Some insurance providers include transportation for medical purposes. If this is so for you, then you can expect a vehicle to pick you up at home and take you to your appointment. You will want to call your insurance provider to see if your health coverage provides this service, and if so, find out what the limitations are. Medicaid generously covers most of medical transportation costs.
If your insurance does not cover transportation to your routine doctor's appointments, there are other independent services you can look into. Many areas offer local organizations that provide low-cost, non-emergency medical transportation to aging individuals who don't drive, or have limited mobility.
Seniors staying at an assisted living facility may have access to transportation services depending on the facility. Some offer discounts, and a certain amount may be included in monthly rent.
Going the Distance
You might have your local travel covered, but what about long distance travel? Traveling abroad can be a challenge for anyone, let alone an aging individual. This doesn't mean that it's impossible, though. In your senior years, you may find the need to visit a loved one, tend to an emergency overseas, or simply wish to explore the world.
If you are thinking about traveling far, it is a good idea to talk to your doctor before leaving, to discuss any medical issues that may pose some challenges along the way. Doctors may also be able to give you recommendations for how to travel, or what can be done to make the trip as swift as possible.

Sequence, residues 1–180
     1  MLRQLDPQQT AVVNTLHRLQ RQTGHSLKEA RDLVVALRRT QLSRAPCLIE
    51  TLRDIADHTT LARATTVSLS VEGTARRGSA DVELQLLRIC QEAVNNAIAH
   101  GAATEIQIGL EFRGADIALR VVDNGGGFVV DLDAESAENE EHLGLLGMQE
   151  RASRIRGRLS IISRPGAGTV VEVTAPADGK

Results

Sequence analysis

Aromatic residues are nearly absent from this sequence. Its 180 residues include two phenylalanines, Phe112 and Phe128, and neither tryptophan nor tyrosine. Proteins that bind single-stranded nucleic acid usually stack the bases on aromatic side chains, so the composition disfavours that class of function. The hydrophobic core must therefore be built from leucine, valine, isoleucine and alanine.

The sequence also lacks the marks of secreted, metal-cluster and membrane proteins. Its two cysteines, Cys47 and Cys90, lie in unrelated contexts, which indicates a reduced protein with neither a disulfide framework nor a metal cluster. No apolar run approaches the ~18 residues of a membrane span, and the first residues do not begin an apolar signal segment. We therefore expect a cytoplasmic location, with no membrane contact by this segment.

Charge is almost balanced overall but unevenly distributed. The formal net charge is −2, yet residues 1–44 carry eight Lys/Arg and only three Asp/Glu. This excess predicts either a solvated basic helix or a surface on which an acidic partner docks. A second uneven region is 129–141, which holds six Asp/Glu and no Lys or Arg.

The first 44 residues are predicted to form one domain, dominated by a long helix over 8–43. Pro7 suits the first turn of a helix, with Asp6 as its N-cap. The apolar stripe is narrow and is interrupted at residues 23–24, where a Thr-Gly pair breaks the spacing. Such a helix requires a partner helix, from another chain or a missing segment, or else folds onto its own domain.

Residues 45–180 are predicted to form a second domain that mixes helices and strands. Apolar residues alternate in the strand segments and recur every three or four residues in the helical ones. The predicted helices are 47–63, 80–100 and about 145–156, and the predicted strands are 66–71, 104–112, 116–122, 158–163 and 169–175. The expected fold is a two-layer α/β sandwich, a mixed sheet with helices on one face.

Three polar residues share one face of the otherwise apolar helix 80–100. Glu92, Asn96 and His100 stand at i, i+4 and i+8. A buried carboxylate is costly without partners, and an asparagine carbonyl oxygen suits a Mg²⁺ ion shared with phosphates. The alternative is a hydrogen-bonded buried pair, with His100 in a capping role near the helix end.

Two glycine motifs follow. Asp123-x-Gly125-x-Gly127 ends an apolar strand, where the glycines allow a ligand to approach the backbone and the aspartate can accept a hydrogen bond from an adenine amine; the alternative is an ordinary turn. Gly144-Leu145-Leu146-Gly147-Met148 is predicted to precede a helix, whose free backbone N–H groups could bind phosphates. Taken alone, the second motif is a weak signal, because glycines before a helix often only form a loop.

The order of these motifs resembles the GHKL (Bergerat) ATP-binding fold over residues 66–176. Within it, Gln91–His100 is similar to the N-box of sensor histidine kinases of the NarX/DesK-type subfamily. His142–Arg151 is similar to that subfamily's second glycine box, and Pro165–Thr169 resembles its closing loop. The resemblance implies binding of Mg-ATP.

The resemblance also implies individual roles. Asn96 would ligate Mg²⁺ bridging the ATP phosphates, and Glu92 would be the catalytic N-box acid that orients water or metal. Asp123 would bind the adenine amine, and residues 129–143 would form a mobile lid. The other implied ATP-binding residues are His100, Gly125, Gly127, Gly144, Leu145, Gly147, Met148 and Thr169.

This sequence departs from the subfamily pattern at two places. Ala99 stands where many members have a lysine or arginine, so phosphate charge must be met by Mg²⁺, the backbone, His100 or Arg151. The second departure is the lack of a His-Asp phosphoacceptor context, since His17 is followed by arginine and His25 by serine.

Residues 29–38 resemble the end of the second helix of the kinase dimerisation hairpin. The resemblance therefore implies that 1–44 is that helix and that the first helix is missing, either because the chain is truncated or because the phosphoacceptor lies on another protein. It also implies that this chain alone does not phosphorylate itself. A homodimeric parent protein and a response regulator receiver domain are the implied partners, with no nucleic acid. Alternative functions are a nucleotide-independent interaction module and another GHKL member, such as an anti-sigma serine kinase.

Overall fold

After you get everything squared away with your doctor, it's time to determine whether you plan on flying or going on a road trip, and whether you'll be traveling alone or with a companion. If you have mobility issues, it is highly advised that you have a close friend or family member go with you -- preferably someone who is familiar with your medical history and can help you should an emergency arise.
Traveling by air can be stressful, but there are measures you can take to make your trip hassle-free. Prior to booking your flight, check with the airline and airports to see if they can accommodate your needs. You'll also want to inform the airline of your needs early on so that they can determine whether or not you can travel safely with them. For example, if you have any dietary restrictions, it's important that the airline can cater to your special needs while you are on the plane. If you need a wheelchair or assistance through airport security, they'll also benefit from knowing in advance.
There are many benefits of traveling by car. Your schedule may be more flexible, you can make as many stops as you please, and you can travel with several people without worrying about extra costs, for example. However, it can also be a challenge if you are not prepared. Sitting in a confined space for hours or even days straight can be tough, so you will want to schedule out bathroom and stretch breaks so that your body can move and get some fresh air. Prior to leaving, you'll also want to get the car checked and make sure everything is good to go.
Just because you are getting older doesn't mean you have to stop moving. You may not be able to drive, but there are still many ways to get around. Losing the ability to get around can be debilitating to seniors at first, but it's not hard to adapt with so many different modes of transportation available to suit various lifestyles. These methods of getting around promote active aging and foster independence among the elderly. If you are not able to drive safely, you can always rely on public transportation, ride sharing, or consider hiring a personal driver to get you around -- whether you need to go to an event, meet a friend, or run errands.